I often get asked this question: how long have you been writing? It’s a good question to ask any artist, because the answer often honours the truth about the creative process: it doesn’t happen overnight. My fallback answer is twelve, because that’s when I won the Royal Canadian Legion’s Remembrance Day poetry contest. But it’s not because of the win that I say it; no, rather, it’s the first time I felt the potential in words on a page—because as I read the poem aloud, someone in the audience began to cry.
I had never been to war, but somehow I was able to transpose losses that I’d felt into that poem about a mother losing her son in battle. So, twelve. Of course that was followed by a lot of bad poetry written and shared at the back of the bus on my way home from high school, but I hold onto that experience in the Lanark Legion as the beginning of what it would mean to write, and be a writer: the beauty of the imagination, and of using words to carry my feelings and ideas out into the world.
Recently I had the honour of reading as a guest speaker in Jay Ruzesky’s writing class at Vancouver Island University in Duncan, and when a student asked this question, how long have I been writing, I gave them this answer. Another student put up her hand to comment. “Two of us in this class began to write because of the Legion!” she said. “Isn’t that amazing,” I replied. And it is, this encouragement the Legion has given to what must be many more writers than just this handful on the west coast of Canada. If anyone reading this has had the same experience, I’d love to know.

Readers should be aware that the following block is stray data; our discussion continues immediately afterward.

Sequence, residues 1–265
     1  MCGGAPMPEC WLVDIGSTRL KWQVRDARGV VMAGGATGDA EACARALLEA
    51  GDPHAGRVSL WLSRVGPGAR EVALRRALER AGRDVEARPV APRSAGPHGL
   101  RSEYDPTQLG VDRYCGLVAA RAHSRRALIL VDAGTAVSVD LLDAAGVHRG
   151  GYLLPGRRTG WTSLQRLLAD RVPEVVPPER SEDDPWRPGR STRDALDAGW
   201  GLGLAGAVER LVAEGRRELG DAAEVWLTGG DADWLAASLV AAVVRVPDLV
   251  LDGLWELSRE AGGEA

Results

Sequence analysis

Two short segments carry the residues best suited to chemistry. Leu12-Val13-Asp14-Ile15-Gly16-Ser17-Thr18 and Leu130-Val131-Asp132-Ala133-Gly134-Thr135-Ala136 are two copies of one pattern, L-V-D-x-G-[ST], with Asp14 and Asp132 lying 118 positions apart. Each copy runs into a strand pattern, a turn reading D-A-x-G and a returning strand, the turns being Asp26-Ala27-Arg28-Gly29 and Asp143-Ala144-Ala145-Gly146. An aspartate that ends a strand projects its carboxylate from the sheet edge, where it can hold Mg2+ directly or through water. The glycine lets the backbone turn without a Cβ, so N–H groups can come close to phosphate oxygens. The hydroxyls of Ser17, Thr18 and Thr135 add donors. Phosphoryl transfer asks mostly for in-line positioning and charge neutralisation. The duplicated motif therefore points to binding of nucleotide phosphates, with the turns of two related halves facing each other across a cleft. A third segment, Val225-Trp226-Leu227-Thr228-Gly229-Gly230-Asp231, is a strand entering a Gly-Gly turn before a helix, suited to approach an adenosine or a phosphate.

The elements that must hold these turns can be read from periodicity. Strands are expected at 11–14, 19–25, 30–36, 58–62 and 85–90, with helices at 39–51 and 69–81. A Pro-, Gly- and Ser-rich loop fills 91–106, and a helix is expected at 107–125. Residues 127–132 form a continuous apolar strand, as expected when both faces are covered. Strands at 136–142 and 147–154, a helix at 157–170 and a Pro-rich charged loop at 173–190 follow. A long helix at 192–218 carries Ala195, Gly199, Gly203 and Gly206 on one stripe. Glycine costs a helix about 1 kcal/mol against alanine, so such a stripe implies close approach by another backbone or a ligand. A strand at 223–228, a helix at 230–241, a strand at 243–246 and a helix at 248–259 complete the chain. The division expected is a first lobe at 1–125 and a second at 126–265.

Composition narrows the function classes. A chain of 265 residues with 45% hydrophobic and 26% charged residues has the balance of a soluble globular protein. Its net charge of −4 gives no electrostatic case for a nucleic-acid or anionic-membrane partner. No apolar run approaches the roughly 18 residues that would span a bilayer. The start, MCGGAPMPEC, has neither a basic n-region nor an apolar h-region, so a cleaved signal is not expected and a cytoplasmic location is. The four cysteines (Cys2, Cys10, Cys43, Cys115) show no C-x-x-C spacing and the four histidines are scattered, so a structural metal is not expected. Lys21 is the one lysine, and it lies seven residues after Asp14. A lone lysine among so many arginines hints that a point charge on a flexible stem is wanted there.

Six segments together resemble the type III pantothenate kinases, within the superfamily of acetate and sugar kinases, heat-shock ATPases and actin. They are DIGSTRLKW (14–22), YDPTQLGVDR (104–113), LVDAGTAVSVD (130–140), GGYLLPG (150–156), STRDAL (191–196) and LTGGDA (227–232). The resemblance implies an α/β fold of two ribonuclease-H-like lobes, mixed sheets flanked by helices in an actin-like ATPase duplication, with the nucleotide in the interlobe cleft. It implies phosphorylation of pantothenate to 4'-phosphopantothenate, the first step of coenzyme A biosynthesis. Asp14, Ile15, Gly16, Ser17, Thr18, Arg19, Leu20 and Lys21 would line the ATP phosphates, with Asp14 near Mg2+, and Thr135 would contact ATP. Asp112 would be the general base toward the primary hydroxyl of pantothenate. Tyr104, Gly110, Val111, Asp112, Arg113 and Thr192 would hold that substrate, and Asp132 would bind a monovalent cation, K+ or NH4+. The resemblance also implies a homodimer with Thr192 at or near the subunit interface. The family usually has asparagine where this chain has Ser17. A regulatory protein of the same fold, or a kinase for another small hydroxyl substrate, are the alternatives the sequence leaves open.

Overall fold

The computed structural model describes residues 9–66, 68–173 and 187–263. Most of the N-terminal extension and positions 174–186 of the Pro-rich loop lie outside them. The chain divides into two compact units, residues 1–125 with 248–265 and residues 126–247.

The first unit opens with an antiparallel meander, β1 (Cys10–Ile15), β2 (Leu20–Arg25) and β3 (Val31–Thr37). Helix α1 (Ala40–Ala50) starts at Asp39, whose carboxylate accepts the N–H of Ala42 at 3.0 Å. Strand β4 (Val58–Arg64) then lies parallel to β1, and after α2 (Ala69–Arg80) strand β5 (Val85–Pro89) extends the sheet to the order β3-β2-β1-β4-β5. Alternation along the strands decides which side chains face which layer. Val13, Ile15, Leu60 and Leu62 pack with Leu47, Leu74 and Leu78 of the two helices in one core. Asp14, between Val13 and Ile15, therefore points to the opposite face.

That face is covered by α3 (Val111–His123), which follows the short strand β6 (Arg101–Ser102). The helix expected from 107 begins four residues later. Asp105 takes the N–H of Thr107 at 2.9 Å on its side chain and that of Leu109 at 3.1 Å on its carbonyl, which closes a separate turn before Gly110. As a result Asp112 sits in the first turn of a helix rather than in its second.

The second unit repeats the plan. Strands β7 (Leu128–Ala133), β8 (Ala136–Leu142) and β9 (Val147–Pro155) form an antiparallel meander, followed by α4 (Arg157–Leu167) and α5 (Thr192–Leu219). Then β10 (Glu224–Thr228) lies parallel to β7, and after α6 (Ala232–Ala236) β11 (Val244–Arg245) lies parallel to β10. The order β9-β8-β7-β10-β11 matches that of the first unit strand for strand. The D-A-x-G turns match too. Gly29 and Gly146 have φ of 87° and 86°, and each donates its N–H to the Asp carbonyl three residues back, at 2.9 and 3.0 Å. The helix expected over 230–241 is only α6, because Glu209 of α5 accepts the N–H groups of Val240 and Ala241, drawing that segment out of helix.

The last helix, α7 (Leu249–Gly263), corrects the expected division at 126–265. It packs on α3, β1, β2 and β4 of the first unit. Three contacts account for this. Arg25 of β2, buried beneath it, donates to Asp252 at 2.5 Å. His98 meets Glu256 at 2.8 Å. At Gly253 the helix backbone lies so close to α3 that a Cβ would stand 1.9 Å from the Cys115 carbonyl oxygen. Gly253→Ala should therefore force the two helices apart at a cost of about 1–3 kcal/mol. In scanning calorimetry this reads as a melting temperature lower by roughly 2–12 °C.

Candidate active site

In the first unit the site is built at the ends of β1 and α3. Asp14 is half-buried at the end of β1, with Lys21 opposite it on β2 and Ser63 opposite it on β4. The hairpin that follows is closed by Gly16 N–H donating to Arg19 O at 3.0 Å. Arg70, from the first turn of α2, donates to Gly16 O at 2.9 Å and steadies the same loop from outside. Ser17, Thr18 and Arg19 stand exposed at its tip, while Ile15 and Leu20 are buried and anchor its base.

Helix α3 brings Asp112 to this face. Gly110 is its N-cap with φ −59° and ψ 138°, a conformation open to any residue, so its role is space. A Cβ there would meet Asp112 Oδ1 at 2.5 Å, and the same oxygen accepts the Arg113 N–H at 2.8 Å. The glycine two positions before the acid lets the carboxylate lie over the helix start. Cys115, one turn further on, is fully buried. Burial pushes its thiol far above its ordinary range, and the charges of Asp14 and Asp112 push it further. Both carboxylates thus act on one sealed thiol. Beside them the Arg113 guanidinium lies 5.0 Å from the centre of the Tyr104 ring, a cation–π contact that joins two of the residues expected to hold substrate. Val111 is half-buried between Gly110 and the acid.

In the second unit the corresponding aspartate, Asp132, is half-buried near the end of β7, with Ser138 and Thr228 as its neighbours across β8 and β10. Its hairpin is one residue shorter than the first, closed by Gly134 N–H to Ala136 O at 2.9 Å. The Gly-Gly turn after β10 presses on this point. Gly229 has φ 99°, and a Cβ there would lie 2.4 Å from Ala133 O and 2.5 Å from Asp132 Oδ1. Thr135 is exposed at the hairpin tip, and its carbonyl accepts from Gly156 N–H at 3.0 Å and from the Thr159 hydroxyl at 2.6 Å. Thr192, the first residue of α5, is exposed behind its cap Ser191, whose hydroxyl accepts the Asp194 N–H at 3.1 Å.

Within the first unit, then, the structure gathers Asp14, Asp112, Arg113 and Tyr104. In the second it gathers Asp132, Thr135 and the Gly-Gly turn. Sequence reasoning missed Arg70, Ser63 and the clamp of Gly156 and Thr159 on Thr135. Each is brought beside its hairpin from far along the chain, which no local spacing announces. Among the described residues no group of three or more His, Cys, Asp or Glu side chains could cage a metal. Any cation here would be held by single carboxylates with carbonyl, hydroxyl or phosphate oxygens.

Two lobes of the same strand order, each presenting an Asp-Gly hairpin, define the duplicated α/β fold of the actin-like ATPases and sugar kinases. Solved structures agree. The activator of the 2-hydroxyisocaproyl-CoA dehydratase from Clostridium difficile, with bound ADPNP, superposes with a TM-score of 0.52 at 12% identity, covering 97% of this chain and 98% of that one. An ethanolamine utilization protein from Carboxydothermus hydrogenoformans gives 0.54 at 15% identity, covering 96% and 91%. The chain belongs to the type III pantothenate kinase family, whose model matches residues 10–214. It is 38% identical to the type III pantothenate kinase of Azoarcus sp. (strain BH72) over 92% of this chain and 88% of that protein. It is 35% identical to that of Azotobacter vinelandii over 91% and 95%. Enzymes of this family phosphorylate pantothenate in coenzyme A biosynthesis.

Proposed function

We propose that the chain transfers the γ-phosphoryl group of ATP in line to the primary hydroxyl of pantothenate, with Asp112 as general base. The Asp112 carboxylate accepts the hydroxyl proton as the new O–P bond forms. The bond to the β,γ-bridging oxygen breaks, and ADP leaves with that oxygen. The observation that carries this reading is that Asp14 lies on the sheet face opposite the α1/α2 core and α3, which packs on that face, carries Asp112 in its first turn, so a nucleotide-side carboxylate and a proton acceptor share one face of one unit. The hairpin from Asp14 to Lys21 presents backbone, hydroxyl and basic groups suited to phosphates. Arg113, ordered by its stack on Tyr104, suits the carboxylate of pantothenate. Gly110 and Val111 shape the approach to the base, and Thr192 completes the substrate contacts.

I’m writing this on the eve of Remembrance Day, a day that some people feel uncomfortable recognizing, since to them it might seem to glorify war and death. Or there’s the other extreme: last year, I heard one person wish another a Happy Remembrance Day. Is it a day to be happy? I have wondered at the day’s meaning over the years, uncertain exactly what I’m saying with that poppy, unclear about the tears running down my cheeks when seven year olds sing about wanting peace, uncomfortable with the fact that we’re still sending troops to war and having them come back damaged—if they come back at all.
It helps me if I bring it back to the word itself: remembrance. As in, we will not forget what has happened before us, the young men and women whose lives were taken—not always given—in the name of freedom. And if I go to that word, freedom, then Remembrance Day becomes a day of thanks, not only for those who have suffered and died in war, but a general thanks (and wonder, and maybe even some guilt) that I was born in a country where I can live out many freedoms, including speech and religion, where I have blessings in multitudes.
And so, selfishly, I thank the Royal Canadian Legion for getting me started on this writing business, and for all of those who’ve served Canada, and for those who strive to increase peace wherever they may be. “In Flanders Fields” is one hundred years old this year. Thank you, John McCrae, for writing this poem (a rondeau, for those who care to know). We will not forget.